NEW YORK CITY - New York City showers big bucks on John Kerry. Stephen Sondheim, the composer of brilliant musicals, posted a $5,000 cover charge on his fund-raiser for the Democratic nominee. He used an apartment - by coincidence, surely - once owned by Leonard Bernstein, another brilliant music man whose infamous '60s fund-raiser for the Black Panthers exposed the acute naivete that inspired the term "radical chic."
What is it about showbiz people who have artistic savvy in abundance but who can't think straight about politics? Maybe it's because New York is about arts and entertainment and the artists and entertainers try to overcompensate when they realize that they're outsiders who don't know beans about how politics is practiced in the nation's capital.
They have no understanding of strategy nor sensitivity for tactics, and their politics is about self-aggrandizing. Show business creates celebrity conformists who take their cues from liberals who have been out of the power game for most of the past three decades.
The New York City they inhabit buzzes with prosperity and creativity, but all they do is whine and complain about how awful things are in America. As if they would know. And it isn't as if they aspire to spread their own wealth. They rarely get out of their celebrity covens, where aides and lackeys jump to assuage every wish to see how other people live.
The president has been true to the words he spoke when he stood on the smoldering rubble at Ground Zero and promised to punish the terrorists who destroyed thousands of lives. Three days after 9/11, he took a bullhorn in his hand, draped his arm around the shoulder of a fireman and told the crowd that "the nation stands with the good people of New York City and New Jersey." The crowd that responded with chants of "USA, USA, USA," spoke for all of us.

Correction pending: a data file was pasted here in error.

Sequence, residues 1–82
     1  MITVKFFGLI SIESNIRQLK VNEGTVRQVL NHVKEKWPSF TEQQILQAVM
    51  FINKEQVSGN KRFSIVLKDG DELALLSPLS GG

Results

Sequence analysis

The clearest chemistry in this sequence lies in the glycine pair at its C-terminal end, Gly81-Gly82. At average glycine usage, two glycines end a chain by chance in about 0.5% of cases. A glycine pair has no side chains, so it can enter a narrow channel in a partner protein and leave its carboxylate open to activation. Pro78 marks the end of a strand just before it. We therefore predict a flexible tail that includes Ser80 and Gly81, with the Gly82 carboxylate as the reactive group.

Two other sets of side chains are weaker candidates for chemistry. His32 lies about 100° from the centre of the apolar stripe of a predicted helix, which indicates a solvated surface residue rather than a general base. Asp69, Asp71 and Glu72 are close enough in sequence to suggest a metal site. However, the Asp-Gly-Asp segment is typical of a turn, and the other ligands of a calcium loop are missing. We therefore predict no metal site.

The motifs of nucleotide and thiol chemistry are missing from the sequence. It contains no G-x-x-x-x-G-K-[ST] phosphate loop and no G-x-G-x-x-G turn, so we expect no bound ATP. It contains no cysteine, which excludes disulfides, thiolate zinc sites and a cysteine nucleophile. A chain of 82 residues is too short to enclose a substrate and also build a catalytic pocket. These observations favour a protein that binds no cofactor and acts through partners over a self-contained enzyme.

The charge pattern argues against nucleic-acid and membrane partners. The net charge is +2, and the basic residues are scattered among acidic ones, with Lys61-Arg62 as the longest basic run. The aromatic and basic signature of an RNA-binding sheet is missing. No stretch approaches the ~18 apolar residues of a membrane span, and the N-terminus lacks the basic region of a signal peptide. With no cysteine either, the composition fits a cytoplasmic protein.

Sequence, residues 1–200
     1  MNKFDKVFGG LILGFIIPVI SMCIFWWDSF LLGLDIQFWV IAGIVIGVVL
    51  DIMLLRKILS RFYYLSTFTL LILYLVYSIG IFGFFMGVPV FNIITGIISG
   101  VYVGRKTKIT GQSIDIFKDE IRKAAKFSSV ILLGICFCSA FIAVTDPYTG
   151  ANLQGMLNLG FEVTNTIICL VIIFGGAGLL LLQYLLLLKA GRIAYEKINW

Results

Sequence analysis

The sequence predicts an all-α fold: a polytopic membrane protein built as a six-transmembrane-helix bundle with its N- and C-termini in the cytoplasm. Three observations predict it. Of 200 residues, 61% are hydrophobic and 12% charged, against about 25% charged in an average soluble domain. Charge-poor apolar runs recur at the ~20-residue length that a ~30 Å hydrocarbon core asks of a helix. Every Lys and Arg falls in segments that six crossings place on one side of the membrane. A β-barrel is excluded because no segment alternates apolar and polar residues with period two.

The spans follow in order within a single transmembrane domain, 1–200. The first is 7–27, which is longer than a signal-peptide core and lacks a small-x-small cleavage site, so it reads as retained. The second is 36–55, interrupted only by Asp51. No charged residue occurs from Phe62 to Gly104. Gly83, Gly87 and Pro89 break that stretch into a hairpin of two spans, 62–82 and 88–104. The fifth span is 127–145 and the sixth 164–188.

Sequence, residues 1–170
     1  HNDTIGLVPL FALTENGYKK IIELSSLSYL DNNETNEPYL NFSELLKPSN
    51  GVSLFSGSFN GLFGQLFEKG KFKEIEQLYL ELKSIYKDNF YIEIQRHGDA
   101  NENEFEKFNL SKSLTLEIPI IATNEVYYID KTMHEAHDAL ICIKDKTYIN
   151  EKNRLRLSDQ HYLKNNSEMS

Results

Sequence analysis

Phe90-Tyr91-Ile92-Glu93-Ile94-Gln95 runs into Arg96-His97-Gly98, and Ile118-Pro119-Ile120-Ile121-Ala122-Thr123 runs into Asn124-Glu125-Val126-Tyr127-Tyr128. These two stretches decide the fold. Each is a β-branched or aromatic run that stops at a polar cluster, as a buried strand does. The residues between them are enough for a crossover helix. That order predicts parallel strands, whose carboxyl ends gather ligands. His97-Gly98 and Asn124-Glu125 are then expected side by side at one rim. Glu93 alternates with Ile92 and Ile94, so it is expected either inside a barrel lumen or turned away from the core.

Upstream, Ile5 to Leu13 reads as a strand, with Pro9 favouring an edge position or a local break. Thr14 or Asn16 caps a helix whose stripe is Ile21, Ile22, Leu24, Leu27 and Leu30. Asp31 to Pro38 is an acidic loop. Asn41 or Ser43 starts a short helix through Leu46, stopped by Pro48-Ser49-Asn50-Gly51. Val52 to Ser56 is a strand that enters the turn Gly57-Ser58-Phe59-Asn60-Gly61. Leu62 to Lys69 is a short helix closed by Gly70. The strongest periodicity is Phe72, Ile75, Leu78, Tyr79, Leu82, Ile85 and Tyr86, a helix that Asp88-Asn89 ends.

But the spirit of that remarkable day has vanished. Bush-bashing is back with a vengeance. The men and women a visitor meets in Manhattan assume that everyone agrees with them, and that red states are populated only by bumpkins. They can't understand how the polls can possibly tilt toward the president. Young men and women who talk as if they know better buy their fashionable clothes in shops stocked with goods made in foreign countries by cheap labor, and rail against the "outsourcing" that makes such bargains possible.
The hottest of the hot buttons on the body politic of the New York liberal is George W.'s faith. Ron Suskind, writing in the New York Times Sunday magazine, leads with a quotation comparing the president's mainstream Methodist faith with that of the Islamist fundamentalists who flew airplanes into the World Trade Center. A disenchanted Republican was found to make the thematic point that "traditional Republicans" are scared out of their minds that the president thinks he's Moses, ready to separate the Red Sea and drown the terrorist enemy.
"This is why George W. Bush is so clear-eyed about al-Qaida and the fundamentalist enemy," says Bruce Bartlett, a refugee from the first Bush presidency who describes himself as a libertarian Republican. "He believes you have to kill them all. They can't be persuaded because they're extremists, driven by a dark vision. He understands them because he's just like them."
The skeptics who complain about the president's faith are people of faith, too - but usually faith in real estate, from the snazzy lofts in SoHo to the gentrified Upper West Side condos with monthly fees that could dent the federal deficit. But there's another New York made up of immigrants, especially Latinos and Asians, who exude energy and hustle (and often faith much like the president's).
When a young man I know bought a television set at 7 on Saturday night, he asked if it could be delivered immediately. He lived 10 blocks away, but up five floors in a building without an elevator. If he could pay cash, the clerk knew two enterprising Latinos who would pick up and deliver for $60. When the young man arrived at his apartment a half-hour later, the young men were waiting at the door with the TV set.
Two grocery stores on the street below are owned by Koreans, open around the clock, with fresh vegetables, flowers and nearly everything else. They're friendly and chatty as though they've taken a course at a reputable charm school. Indians across the street serve kosher and vegan, and don't see anything weird in faith, by a president or anyone else. What a city. What a country.